If your character is a weapons master, however, you will instead be a combat powerhouse able to take down opponents (or potential friends) with ease. Even though you'll be able to switch paths at any point in the game by adding points to a separate skill arc as you level up, what you start off with stat-wise will set the foundation for what you become and start you off on a path of your choice.
Apart from skill points, you also get perk points to assign, albeit less often. These add to various aspects such as your base armour rating, weight management, and boost your combat skills. New to the combat aspect is the Tactical Time Dilation skill, which is similar to Fallout's V.A.T.S. system in the way that it slows down time but has you shoot in real-time.
Just like in Obsidian Entertainment's Fallout: New Vegas - a game this has often been compared to prior to release - there are plenty of stat-boosting consumables and wearable items to find or purchase using the in-game currency 'bits' that you'll find plenty of as you explore the vast world and/or complete missions. We found ourselves keeping plenty of consumables and armour sets in our inventory, should we come across a computer that needed a high hacking level to bypass or a door needing a fully leveled lockpicking skill to open, essentially creating a simulated 100% success rate when attempting these skill checks during missions.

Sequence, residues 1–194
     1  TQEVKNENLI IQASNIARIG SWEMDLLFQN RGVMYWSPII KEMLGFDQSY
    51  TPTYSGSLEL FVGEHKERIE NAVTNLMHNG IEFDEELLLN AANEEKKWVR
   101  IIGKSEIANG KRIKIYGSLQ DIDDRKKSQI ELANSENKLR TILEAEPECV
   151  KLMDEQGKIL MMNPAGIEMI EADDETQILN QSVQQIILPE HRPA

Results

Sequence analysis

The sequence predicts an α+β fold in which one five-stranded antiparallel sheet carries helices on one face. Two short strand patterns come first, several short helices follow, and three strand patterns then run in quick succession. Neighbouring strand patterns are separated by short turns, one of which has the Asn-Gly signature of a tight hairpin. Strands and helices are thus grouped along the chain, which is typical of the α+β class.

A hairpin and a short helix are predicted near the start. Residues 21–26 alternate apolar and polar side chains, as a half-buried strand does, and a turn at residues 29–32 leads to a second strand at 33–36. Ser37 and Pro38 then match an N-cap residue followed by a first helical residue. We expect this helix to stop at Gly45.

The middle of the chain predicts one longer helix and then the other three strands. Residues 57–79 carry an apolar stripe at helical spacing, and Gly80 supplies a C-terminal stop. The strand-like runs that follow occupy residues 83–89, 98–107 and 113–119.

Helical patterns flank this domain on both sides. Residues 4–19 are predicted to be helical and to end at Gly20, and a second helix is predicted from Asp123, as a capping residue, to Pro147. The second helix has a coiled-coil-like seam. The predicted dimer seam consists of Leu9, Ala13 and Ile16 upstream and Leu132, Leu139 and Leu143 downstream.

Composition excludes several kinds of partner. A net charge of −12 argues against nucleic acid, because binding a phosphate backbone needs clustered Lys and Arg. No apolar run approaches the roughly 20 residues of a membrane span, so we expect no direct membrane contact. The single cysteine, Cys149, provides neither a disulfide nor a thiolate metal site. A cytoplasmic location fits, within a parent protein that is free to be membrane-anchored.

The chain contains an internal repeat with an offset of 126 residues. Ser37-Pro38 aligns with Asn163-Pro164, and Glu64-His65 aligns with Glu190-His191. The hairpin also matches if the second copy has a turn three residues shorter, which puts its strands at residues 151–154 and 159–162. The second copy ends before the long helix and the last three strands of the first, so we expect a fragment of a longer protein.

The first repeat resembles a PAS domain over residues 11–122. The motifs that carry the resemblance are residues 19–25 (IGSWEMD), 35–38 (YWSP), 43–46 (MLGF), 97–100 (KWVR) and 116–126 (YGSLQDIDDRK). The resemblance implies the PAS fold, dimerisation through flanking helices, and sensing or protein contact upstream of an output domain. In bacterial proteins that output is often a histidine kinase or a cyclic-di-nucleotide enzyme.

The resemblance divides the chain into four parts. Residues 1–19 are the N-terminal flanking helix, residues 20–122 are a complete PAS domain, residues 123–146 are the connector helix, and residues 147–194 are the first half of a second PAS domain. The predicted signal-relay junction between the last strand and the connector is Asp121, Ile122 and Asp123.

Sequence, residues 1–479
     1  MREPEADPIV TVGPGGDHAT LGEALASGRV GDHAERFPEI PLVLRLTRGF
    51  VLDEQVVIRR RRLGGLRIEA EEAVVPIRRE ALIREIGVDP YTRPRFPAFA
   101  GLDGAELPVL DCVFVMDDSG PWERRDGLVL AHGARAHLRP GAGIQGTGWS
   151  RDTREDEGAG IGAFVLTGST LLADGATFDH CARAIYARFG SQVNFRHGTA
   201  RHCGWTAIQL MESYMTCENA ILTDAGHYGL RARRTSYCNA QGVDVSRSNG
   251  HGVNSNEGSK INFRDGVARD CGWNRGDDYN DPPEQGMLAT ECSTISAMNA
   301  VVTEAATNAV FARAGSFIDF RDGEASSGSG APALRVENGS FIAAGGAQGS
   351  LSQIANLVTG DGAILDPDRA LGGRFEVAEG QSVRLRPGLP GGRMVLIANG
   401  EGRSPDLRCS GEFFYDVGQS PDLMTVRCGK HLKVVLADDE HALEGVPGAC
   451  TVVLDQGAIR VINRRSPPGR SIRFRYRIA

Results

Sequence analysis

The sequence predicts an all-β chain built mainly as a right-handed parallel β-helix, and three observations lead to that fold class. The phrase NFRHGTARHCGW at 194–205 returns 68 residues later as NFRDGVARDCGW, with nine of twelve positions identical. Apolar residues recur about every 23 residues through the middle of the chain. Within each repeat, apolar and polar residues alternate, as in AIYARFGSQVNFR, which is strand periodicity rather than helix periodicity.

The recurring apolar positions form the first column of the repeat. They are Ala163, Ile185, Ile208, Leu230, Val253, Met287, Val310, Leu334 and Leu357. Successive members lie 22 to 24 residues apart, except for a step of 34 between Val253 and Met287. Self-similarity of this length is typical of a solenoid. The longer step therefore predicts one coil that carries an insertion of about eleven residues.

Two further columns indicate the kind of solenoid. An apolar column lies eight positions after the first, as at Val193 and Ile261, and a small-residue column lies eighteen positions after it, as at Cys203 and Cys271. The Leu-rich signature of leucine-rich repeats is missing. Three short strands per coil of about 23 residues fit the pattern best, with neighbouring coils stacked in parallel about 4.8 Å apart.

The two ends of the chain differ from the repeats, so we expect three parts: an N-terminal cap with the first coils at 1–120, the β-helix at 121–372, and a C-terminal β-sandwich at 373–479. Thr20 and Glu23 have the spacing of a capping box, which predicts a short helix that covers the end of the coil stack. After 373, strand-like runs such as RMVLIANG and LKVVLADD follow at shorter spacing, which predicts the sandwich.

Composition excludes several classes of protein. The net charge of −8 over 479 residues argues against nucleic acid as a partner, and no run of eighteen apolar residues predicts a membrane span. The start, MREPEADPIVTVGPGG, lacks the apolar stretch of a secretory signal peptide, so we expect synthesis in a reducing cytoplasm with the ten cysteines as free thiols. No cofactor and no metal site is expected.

As for stat-boosters, the game's companions also offer some help in terms of specific stats that they're skilled in. We mainly grabbed a tech-savvy mechanic and an intimidating mercenary during missions, while switching the mechanic out for our cleaning robot friend when rushing into battle.
Sticking to the subject of companions, each one has a special ability that one can trigger by pressing the right or left buttons on the d-pad during battle, one for each companion. These special abilities help immensely during tougher fights or when you find yourself overwhelmed, as they not only help out with support and damage but also pause the game as the animation is triggered. As you upgrade your companions with perks, you'll get to set your skill points in perks that elevate these as well, such as lessening the cooldown timers once used.